I overheard a mom this week tell a friend that her son was in the process of being diagnosed with some severe learning disabilities. She was clearly experiencing a lot of pain—it was palpable in her conversation, wondering aloud if she had done enough of the “right” things or too much of the “wrong” things.
It struck a chord in me, as I imagine it would for all of us. I often wonder if I’m doing enough of the right things, or too much of the wrong things. Personally, I see some similarities in the challenges we each face as parents, despite the huge differences that there may be in those challenges. Let me be clear: I’m not trying to suggest that I have any real idea of what it’s like to be a parent who deals with a child on the Autism Spectrum Disorder. Nor am I suggesting that having a kid who is addicted to drugs is anything like having a child who struggles to get along with his or her siblings. Plenty of unique situations present themselves when we look at the wide variation in the experiences we have as humans.
What I do mean to say is that, at least speaking about the parents and caregivers I know, no matter where our kids are, we all want them to be successful (according to however we may define that). We love them fiercely, even in those times when we don’t like them very much. We worry about them when we see them struggle. We do our best, at any given moment—and sometimes, that “best” falls far short of what our children need. We make mistakes (as my father-in-law was known to tell his kids, “It’s hard raising parents!”). The emotions that we share as parents, then, are the same—in the good times and the bad: fascination, gratitude, calm, ecstasy, optimism, apprehension, numbness, agitation, outrage, discouragement, envy. The details may differ; the reasons that we feel those things may vary. Even still, anyone who loves a child (or, frankly, who loves another human) is bound to share those feelings.
Much of my job here in writing for the studio blog is to talk about all the ways that Kindermusik benefits our children. And I believe this passionately. I could talk about it for hours.
However, does that mean that if your child is struggling, that you haven’t done enough Kindermusik? If Kindermusik has all these great benefits, what if your son or daughter still struggles to read? Or fails to follow the trajectory of a neurotypical child? What then?
Brené Brown, one of my all-time favorite women, has this to say about shame and vulnerability in parenting—that question of whether we’re doing enough of the right things, or too much of the wrong things.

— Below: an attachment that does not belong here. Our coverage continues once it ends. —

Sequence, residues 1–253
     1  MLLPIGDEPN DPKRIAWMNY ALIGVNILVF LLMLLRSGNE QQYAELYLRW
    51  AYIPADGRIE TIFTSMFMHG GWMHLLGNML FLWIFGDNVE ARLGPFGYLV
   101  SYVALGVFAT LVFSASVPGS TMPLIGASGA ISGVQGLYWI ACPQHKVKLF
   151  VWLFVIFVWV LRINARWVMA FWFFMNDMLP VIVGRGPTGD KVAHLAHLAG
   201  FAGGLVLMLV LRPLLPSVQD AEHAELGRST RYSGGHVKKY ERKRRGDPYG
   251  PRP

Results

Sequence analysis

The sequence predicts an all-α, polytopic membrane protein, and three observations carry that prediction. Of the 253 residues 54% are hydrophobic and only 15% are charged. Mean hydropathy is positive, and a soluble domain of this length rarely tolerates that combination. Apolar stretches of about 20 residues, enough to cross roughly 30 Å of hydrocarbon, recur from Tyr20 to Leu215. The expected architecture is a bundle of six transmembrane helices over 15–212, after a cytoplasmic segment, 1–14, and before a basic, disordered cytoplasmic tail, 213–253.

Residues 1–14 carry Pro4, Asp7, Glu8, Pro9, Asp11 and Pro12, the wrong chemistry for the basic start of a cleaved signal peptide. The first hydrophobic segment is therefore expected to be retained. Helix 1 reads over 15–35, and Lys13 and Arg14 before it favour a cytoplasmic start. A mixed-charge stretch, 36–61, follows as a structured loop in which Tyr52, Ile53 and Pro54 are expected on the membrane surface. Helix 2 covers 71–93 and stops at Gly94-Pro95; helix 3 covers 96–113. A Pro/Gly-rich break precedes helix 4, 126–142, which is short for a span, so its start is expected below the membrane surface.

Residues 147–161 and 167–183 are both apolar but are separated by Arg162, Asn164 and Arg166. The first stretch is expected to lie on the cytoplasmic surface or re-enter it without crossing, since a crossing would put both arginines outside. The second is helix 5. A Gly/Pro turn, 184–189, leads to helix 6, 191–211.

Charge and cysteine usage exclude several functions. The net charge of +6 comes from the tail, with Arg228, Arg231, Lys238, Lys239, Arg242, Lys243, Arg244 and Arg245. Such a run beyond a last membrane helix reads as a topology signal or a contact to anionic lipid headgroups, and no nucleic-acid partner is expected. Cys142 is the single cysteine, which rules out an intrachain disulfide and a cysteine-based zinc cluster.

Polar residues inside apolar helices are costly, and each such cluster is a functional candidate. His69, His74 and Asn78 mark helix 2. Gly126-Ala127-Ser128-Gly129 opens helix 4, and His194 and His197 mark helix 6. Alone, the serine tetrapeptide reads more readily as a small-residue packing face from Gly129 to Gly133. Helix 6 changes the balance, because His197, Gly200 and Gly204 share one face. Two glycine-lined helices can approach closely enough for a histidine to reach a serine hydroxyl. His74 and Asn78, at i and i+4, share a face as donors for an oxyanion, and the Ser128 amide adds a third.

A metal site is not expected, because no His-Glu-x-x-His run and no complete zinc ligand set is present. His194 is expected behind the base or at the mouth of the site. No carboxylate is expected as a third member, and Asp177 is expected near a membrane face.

“Most of us would love a color-coded parenting handbook that answers all of our unanswerable questions, comes with guarantees, and minimizes our vulnerability. We want to know that if we follow certain rules or adhere to the method espoused by a certain parenting expert, our children will sleep through the night, be happy, make friends, achieve professional success, and stay safe. The uncertainty of parenting can bring up feelings in us that range from frustration to terror.
“Our need for certainty in an endeavor as uncertain as raising children makes explicit ‘how-to-parent’ strategies both seductive and dangerous. I say ‘dangerous’ because certainty often breeds absolutes, intolerance, and judgment. That’s why parents are so critical of one another—we latch on to a method or approach and very quickly our way becomes the way. When we obsess over our parenting choices to the extent that most of us do, and then see someone else making different choices, we often perceive that difference as direct criticism of how we are parenting.” (Daring Greatly, pg. 216)
In other words, the question this mom had was universal and stemmed from the very difficult truth we experience as humans: everything in our lives is transient. And so is there something more we could be doing as parents? What if we asked ourselves, instead, “Am I treating myself with as much love and compassion as I want my kids to have for themselves? Do I believe I’m worthy of this journey?”
Pema Chödrön, Buddhist nun, says it like this:
“To be fully alive, fully human, and completely awake is to be continually thrown out of the nest.” (When Things Fall Apart: Heart Advice for Difficult Times, pg. unknown)
So what is the answer? How do we find the balance of striving to create as rich and nourishing an environment as possible, while still holding compassion for ourselves when we don’t get the results we were expecting or hoping for? In my heart of hearts, I believe that THIS is the work of parenting—modeling for our kids how to respond to the joys and frustrations of life without allowing the pain to consume us.
It probably takes a lifetime to master.